The Chainlink

Cyclist Killed: Carla Aiello, 37, of Norwood Park Hit By Turning Truck Driver. Prev. Subject: Keeping a proper lookout

I am sick of the of police representatives making excuses for drivers who crush cyclists.

Yesterday a 37-year-old woman was traveling down Milwaukee Ave., in a bike lane to the right of a dump truck. The dump truck fatally right-hooked her. Once again, the cycling community mourns for a tragic death and for the loved ones of the victim.

Police spokesperson Sally Bown commented that the truck driver was "legally making a right turn" and "did not see the bike on the right side". The old "blind spot" excuse lives on. The old implication that killing somebody because your vehicle has a blind spot is somehow just one of those unfortunate things that happen....

Drivers have a duty to keep a proper outlook when they drive. They are not excused from this because they are driving some poorly-designed vehicle with a blind spot. Especially when there are many ways, including better mirrors, sensors, and camera systems, to eliminate such blind spots. This is 2019, not 1919. It is negligent on its face to drive a huge truck on crowded residential streets with blind spots along its sides. No such vehicles should be allowed on the road, period.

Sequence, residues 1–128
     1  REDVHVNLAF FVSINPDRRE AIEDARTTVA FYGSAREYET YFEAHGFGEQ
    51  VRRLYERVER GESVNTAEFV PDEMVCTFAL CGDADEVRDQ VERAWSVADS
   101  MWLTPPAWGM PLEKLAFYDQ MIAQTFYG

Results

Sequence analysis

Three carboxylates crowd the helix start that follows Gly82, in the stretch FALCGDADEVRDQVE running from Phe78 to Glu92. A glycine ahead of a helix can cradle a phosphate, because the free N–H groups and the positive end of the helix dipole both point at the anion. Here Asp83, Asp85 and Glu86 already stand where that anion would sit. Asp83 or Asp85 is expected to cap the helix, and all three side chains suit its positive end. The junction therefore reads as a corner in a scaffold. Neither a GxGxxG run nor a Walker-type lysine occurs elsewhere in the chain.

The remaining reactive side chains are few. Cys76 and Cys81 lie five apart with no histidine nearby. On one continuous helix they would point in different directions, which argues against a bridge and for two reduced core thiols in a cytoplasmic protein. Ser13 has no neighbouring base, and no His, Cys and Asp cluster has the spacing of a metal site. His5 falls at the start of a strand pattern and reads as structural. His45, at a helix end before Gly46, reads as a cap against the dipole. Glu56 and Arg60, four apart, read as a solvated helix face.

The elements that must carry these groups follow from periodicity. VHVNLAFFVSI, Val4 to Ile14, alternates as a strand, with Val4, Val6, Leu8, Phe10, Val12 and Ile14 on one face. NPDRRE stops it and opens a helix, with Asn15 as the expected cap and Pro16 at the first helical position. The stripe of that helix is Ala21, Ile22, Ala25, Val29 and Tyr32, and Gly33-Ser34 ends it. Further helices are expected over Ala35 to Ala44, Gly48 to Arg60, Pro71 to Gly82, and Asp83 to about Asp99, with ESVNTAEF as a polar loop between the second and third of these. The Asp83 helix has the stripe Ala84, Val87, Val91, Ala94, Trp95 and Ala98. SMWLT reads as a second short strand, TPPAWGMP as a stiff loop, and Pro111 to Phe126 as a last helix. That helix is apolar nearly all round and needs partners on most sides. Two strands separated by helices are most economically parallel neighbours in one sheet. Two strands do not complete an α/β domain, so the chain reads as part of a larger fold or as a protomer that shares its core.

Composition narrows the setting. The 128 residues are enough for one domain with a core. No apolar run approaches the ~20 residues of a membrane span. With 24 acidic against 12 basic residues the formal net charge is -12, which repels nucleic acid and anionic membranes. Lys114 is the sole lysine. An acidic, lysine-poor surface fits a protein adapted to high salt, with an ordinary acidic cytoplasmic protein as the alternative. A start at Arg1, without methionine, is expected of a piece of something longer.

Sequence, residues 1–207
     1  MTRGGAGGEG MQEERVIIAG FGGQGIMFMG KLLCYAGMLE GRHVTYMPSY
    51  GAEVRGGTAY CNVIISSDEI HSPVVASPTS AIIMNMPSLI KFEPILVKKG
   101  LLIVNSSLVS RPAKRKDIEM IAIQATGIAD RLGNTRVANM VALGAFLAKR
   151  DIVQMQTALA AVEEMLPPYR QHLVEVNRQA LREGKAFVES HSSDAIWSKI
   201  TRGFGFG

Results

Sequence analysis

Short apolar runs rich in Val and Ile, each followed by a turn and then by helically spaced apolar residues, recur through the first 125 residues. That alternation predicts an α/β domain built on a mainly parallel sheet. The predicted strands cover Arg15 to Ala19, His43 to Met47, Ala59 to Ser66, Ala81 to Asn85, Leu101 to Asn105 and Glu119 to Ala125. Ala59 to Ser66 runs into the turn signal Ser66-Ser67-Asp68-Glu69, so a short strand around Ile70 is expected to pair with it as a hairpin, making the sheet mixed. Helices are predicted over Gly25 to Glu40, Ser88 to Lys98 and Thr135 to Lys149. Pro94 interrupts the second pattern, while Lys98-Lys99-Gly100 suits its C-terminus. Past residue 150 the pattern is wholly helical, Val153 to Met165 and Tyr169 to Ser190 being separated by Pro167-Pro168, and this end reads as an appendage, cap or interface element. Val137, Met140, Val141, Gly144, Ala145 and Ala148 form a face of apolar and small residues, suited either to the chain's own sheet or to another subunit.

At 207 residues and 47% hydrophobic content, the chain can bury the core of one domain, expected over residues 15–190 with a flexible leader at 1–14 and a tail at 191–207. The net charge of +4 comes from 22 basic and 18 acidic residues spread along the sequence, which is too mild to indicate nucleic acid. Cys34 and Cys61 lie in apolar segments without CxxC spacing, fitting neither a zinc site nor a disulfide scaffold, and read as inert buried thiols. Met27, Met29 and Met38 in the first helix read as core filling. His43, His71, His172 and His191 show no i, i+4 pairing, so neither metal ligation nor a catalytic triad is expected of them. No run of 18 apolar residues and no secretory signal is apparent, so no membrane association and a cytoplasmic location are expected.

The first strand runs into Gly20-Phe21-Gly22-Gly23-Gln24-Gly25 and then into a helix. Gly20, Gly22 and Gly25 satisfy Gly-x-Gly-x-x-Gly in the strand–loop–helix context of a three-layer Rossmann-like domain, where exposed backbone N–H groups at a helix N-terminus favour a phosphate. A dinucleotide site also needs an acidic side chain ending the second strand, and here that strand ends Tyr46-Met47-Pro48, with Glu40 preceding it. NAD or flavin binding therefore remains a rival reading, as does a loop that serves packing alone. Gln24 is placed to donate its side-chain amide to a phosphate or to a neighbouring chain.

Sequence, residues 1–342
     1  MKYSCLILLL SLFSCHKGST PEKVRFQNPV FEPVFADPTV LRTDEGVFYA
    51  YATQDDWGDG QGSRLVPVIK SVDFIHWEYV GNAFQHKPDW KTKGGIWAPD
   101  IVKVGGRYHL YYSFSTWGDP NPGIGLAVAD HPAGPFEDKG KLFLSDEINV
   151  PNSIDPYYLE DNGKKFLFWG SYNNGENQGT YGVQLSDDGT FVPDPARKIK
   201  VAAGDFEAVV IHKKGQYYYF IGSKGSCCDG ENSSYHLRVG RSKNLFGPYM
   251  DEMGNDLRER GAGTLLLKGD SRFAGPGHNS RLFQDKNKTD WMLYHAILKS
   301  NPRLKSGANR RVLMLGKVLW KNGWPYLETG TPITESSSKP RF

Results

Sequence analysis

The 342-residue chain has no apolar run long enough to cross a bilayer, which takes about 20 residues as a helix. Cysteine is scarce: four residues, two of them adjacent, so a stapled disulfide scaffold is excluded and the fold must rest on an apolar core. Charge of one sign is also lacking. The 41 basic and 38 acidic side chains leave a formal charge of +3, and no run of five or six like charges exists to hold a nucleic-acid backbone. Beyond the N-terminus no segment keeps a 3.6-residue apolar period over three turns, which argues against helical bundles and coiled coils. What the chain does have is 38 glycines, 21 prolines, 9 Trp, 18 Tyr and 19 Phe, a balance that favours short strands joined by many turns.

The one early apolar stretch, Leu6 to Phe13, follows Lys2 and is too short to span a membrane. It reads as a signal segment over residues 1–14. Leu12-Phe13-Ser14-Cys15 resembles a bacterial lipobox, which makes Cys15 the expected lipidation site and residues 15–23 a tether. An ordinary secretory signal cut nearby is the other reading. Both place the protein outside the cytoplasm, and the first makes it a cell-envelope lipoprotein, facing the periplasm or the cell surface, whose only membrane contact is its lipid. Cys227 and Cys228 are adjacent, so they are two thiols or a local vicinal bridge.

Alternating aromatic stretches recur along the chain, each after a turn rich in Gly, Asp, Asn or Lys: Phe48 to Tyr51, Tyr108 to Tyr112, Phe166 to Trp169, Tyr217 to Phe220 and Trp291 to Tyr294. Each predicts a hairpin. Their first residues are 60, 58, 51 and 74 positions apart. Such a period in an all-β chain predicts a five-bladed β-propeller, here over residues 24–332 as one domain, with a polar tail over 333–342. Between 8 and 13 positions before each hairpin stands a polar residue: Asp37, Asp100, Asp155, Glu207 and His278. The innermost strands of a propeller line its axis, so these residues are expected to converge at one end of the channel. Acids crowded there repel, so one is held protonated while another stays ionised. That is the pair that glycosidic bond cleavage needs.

So no, Sally Bown. That dump truck driver wasn't legally making a right turn. He was a lazy sod who, even though bicycles are all over on Milwaukee Avenue, didn't bother to make sure he was clear before he turned. And it is of no relevance that he didn't see the bicyclist on the right side -- it was his responsibility to make sure that he could before he made that turn. That driver acted completely recklessly and should be charged appropriately. No doubt the police will give him a minor ticket or two, if even that.

There is a duty at all times to be aware of such situations. If your truck renders you blind, then find another job or a better truck. Those trucks with the stupid diagrams on the back showing that they might run you over if you're to their right should be banned from city streets. Telling someone you're going to kill them before you kill them doesn't make it legal. 

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And that's the rub of protected\buffered bike lanes, a cyclist becomes little more than a pedestrian with tires, and not the vehicle that it really is.

Yes.  This design moves the hook collision to a crossing collision, almost as if the pedestrian and cyclist are jaywalkers in cross traffic.  Slowing down at intersections may be a good idea more than is actually practiced in many cycling scenarios (e.g. stop signs) but that design introduces a different set of crossing hazards just as it does for pedestrians.  A bike right turn is easier, but this was all about crossing the intersection.  

https://www.nbcchicago.com/news/local/family-of-pregnant-woman-hit-...